By Jack Bantock and Louis Leeson, CNN Video by Amy Li, CNN
As summer edges closer and temperatures gradually rise, more and more of us will take to the water in search of a range of benefits for body and mind.
Not a fan of running? Swimming may not merely be a good alternative, but a more efficient one.
Even a leisurely swim can burn upwards of 400 calories an hour, over double the amount of walking.
The comparative low impact of water activities in contrast to running make them perfect outlets for those nursing minor injuries, as well as the elderly.
And it’s not just short-term gains, there’s also lasting benefits to swimming.
Regular swimmers have a 28% lower risk of early death and a 41% lower risk of death due to heart diseases and stroke, according to a report by Swim England’s Swimming and Health Commission in 2017.
While the physical boosts of swimming are widely documented, the mental health benefits of getting into the water are less well-known, yet equally as impactful.
In 2019, nearly half a million Brits living with mental health diagnoses said that swimming had reduced the number of visits to a medical health professional, according to Swim England.
Open water swimming in particular — with its naturally colder temperatures — is increasingly understood to have mental health benefits.
For those willing to brave the chill, the feelgood hormone dopamine is released by getting into cold water, ensuring an endorphin rush that can last hours after drying off.
Research into cold water’s anti-inflammatory properties by the University of Portsmouth in the UK has reaped a growing body of anecdotal evidence that it can dampen the inflammatory responses that cause anxiety and depression.
Just being in a so-called “blue environment,” close to the ocean or a body of water, is known to lower stress responses.
Writing for CNN last summer, frontline worker Dr. Mark Lieber reflected on the transformative impact of even brief dips in the pool in helping alleviate the weight of the previous year, literally and figuratively.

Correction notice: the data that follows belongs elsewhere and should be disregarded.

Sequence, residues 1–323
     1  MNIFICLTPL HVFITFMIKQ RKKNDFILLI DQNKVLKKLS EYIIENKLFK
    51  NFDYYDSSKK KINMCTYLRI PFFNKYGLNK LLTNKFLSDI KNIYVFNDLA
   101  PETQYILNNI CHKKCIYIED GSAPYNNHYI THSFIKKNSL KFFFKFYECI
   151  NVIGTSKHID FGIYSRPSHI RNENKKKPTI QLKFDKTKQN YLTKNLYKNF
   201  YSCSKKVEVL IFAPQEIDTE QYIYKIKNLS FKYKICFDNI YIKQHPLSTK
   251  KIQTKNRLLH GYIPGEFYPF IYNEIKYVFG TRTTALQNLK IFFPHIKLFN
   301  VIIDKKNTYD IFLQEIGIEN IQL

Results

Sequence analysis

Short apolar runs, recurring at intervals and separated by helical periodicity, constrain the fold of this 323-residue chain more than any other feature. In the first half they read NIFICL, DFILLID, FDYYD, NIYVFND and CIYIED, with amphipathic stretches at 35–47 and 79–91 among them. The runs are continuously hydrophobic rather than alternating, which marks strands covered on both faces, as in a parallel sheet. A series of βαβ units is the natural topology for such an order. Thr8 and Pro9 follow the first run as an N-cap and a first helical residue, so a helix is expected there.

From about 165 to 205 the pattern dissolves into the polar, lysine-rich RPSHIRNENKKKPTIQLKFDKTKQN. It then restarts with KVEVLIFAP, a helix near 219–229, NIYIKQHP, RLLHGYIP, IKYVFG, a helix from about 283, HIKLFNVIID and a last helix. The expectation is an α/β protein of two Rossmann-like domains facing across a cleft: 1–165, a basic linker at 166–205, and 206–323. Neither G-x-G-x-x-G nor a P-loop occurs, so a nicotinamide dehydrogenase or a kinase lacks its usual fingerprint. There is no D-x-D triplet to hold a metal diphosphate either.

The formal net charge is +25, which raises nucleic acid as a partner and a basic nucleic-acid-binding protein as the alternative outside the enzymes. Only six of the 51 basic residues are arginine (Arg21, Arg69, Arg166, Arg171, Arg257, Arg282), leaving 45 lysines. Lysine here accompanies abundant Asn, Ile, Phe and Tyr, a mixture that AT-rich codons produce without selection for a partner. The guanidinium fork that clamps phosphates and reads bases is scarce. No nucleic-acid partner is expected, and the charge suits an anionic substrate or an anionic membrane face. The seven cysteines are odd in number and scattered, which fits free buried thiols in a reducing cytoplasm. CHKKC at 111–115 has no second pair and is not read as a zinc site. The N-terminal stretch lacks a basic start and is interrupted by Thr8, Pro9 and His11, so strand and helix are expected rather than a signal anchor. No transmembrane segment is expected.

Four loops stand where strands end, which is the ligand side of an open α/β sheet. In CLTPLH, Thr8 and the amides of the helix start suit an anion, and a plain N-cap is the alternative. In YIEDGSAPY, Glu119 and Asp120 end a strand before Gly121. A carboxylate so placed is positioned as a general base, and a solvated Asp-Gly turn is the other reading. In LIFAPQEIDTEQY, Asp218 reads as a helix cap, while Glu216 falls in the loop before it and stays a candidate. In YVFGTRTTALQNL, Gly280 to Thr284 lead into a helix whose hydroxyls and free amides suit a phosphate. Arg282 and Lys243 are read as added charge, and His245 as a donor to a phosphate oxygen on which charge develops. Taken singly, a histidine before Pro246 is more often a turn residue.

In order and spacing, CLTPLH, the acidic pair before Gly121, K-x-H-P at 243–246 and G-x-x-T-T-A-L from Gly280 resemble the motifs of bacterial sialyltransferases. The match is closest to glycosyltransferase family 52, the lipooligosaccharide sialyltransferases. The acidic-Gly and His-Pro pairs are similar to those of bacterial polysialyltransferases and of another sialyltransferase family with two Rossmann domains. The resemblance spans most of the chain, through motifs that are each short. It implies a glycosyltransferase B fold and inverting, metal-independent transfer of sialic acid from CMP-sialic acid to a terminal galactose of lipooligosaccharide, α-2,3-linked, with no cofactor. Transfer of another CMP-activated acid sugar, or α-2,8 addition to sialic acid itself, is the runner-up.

“My first thought as I dove under the surface of the water was that I felt a little more buoyant than usual, likely due to the added pounds brought on by quarantine,” Lieber said.
“But as I continued to glide through the water, my initial concern about weight gain was replaced by a feeling of catharsis, as though the water were cleansing me of the stress that had accumulated during the coronavirus pandemic.
“Stroke after stroke, I could feel my mood lifting, my mind clearing and my body loosening.”
Rachel Ashe, founder of Mental Health Swims, is a living testament to the positive mental impact of open water swimming.
Based in the UK, Mental Health Swims is a volunteer-led peer support community that organizes open water meets up and down the UK.
Having received her mental health diagnosis in 2018, Ashe initially took up running but lost confidence after some frightening slips on ice during the winter.
By the close of the year, she was feeling “really unwell” and “everything was challenging,” yet on New Year’s Day, Ashe — quite literally — dove into a new future.
Braving the ‘Loony Dook’ — an annual event that sees fearless participants take to the freezing waters near Edinburgh, Scotland — Ashe returned to the beach shivering but changed.
“It was very painful and I didn’t enjoy it,” Ashe told CNN Sport, “but the very alien feeling of connection with my body after living unhappily in my poorly mind for such a long time was a real epiphany moment for me.”